ESPN Chicago – Even before the first Chicago White Sox trade has gone down, the team has started the retooling process with the move Friday to call up catching prospect Josh Phegley.
The White Sox announced three moves Friday. In addition to Phegley being recalled, catcher Hector Gimenez was designated for assignment. Outfielder Blake Tekotte was also called up. He will replace Jordan Danks, who was optioned to Charlotte on Thursday.
The move to call up the 25-year-old Phegley means he will miss his opportunity to play in the July 14 Futures Game in New York, not that the 5-foot-10, 220-pounder will mind. He is also will miss his chance to play in the July 17 Triple-A All-Star Game.
Fangraphs - The Chicago White Sox dumped light-hitting backup catcher Hector Gimenez on Thursday. In his place, the organization promoted rookie backstop Josh Phegley — the 38th overall selection from the 2009 amateur draft. The Indiana University alum reached Double-A in his first full pro season but his meteoric rise was interrupted by a serious medical condition, which threaten to end his playing career and affect his way of life. For more on that, check out this piece by MLB.com’s Scott Merkin from 2010. Luckily for Phegley, he’s back and — although it took some time for him to get back into playing shape — finally realizing the potential that caused me to rank him as the organization’s eighth-best prospect as recently as pre-2011.
Phegley, 25, opened 2013 in Triple-A after spending the entire 2012 season at the same level. He posted a .680 OPS last season but was up to .966 at the time of his ’13 promotion. The young catcher’s 15 home runs is a career best (prior was nine) and it’s tied for ninth in the International League and six more than the next closest catcher (Tony Sanchez, who had nine before he was promoted to Pittsburgh on June 21 — and interestingly enough was selected in the same draft).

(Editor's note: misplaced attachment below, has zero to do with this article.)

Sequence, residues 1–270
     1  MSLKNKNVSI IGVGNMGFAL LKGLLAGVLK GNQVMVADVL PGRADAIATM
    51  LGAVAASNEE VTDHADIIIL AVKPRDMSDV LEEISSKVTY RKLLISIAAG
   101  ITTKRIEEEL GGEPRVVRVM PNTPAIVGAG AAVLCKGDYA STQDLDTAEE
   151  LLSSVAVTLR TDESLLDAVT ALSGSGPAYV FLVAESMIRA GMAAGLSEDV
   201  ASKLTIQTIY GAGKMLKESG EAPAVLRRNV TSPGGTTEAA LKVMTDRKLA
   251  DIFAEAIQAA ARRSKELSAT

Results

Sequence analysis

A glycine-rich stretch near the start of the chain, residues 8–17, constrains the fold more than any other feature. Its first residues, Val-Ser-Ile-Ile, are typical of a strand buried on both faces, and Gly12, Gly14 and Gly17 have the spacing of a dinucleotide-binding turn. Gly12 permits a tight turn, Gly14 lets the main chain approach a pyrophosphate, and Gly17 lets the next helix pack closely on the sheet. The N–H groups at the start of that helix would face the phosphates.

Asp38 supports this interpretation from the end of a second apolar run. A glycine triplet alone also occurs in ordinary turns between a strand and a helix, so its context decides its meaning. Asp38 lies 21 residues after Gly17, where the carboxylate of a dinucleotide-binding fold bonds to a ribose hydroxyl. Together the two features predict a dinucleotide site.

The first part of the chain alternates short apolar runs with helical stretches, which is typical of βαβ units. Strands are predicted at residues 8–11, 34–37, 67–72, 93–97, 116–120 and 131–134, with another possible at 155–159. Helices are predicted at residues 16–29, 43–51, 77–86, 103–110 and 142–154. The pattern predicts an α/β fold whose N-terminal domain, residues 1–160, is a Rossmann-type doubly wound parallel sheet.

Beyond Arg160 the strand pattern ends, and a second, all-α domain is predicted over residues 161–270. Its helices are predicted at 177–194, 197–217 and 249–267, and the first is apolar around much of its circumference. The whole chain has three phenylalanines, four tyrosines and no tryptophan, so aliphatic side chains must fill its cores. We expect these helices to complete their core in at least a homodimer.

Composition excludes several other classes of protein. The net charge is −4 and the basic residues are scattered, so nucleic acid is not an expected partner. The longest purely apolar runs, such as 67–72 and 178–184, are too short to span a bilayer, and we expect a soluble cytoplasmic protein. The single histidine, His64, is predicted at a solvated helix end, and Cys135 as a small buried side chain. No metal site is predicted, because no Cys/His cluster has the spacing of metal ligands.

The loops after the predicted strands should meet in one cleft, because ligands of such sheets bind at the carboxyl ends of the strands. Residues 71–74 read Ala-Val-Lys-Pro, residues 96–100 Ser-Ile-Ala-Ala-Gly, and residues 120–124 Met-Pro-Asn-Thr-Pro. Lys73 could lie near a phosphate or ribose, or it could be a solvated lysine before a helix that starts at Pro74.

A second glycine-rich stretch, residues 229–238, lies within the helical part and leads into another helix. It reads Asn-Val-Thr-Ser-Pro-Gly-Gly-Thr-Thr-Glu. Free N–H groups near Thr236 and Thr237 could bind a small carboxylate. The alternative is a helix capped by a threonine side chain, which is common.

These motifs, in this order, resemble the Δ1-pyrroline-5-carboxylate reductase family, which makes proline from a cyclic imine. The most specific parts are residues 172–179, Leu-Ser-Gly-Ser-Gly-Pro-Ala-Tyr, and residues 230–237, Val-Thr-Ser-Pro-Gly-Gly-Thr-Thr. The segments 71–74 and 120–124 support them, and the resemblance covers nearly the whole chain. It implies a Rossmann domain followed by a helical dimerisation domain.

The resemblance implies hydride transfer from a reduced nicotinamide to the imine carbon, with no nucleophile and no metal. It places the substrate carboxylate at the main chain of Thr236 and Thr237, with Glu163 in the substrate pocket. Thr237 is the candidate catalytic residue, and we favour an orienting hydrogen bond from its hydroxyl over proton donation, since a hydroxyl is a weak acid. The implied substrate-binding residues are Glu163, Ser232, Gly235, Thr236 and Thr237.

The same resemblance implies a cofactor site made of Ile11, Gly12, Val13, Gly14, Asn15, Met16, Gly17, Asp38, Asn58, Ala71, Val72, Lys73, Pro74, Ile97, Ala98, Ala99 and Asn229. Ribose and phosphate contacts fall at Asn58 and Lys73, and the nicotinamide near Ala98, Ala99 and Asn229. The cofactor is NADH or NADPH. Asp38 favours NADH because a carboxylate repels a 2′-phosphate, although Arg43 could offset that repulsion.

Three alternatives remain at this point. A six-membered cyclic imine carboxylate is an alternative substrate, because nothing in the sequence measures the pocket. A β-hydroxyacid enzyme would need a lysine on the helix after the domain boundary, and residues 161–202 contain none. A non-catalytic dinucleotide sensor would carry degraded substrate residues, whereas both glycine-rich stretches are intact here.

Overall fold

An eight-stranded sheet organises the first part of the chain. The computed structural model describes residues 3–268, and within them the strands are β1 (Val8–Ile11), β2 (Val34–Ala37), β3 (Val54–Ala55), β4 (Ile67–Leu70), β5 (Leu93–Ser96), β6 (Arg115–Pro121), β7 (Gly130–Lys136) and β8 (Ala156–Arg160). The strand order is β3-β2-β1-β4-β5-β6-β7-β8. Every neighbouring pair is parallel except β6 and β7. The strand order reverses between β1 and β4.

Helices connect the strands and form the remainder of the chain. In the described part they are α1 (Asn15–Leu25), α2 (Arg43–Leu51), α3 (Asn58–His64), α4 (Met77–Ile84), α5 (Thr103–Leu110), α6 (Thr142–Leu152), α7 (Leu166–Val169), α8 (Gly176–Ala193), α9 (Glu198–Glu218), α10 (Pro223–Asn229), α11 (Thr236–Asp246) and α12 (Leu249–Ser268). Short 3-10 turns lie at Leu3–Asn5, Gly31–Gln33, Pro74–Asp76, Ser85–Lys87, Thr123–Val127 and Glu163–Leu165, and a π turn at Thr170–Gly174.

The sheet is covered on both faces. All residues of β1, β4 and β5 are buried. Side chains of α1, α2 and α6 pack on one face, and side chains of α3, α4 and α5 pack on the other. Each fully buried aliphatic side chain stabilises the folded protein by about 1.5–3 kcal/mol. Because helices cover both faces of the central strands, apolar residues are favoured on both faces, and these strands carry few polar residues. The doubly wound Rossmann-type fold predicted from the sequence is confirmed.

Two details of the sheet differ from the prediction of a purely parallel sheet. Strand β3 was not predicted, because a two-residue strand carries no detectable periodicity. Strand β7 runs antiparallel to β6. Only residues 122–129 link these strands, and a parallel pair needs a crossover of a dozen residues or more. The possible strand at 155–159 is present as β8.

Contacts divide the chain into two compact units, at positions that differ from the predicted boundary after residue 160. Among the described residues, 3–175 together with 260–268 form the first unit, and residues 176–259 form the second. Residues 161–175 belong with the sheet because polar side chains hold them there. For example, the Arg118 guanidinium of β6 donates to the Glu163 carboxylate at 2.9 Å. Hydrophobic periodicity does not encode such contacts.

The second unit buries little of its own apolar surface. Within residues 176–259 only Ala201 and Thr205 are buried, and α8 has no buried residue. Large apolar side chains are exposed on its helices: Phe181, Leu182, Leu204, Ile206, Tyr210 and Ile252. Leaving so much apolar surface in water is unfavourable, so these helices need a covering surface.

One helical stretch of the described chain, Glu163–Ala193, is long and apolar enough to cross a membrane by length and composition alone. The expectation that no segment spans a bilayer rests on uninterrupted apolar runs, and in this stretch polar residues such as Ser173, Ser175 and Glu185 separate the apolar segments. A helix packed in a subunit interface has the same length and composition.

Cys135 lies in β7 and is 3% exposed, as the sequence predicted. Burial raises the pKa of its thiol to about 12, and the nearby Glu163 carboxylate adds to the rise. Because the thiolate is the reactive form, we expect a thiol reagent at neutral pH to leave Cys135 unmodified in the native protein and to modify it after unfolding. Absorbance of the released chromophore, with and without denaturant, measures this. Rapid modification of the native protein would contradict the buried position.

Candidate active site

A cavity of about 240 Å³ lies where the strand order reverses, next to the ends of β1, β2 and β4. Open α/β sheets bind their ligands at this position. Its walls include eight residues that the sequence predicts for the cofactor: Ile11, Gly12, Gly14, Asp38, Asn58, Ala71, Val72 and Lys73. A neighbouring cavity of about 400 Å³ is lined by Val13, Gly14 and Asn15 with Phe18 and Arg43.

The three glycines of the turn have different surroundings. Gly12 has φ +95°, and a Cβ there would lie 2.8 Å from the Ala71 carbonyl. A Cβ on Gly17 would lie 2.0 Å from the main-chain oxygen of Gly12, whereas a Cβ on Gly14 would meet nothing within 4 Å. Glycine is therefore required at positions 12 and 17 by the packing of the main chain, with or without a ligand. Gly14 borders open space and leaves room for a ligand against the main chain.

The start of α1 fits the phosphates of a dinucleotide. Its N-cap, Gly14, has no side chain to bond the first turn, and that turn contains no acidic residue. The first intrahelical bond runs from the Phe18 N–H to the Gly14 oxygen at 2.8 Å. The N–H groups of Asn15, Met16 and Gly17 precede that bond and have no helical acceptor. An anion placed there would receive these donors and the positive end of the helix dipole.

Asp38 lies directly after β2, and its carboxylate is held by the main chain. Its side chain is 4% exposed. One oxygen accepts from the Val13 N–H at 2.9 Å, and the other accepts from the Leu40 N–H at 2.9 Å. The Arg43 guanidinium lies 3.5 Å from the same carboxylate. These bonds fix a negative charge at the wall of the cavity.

I recently saw Phegley play a Triple-A game against Indianapolis on June 24. He was facing rehabbing big league pitcher Wandy Rodriguez of the Pirates. In his first at-bat, the prospect swung at the first two pitches and rolled over on an off-speed pitch, grounding out to the shortstop. He then struck out in his second at-bat on a big league curveball from Rodriguez. His third at-bat resulted in a first-pitch single up the middle on a poorly-placed fastball. You may have noticed a trend: Phegley is a very aggressive hitter, as witnessed by his modest career walk rates (5.8% in ’13). On the plus side, he has good contact rates (14% K-rate in ’13) for someone with the type of raw power that he possesses. The Indiana native has modest bat speed but he utilizes a short stroke at times, but he gets in trouble when his swing gets long.
I was pleasantly surprised with the improvements Phegley has made behind the plate. Early in his career, he was an offense-first player with a lot of work to do on defense. When I saw him, he showed soft hands and offered a quiet setup and target. I did think that he offered his target a little late at times and there were certain situations where he tipped location/pitches with the placement of his glove. Phegley moved well behind the plate and was quick to get down to block pitches. He nailed two base runners with accurate throws to second base.
Phegley definitely struggled against off-speed stuff in the game I watched but is a strong fastball hitter. Big league pitchers — like Rodriguez, who isn’t exactly a top-tier talent — will certainly pepper the rookie with a plethora of off-speed stuff once they recognize his weakness. Although he was hitting more than .300 at Triple-A, I fully expected him to produce a modest batting average, perhaps in the .240-.260 range, with a healthy amount of doubles and home runs mixed in. That may not sound overly enticing, but he should provide solid offence for a catcher — and certainly better than what incumbent big league catcher Tyler Flowers has produced in his big league career (.669 OPS).
Thoughts on this guy? Any value outside of very deep and/or AL Only Leagues?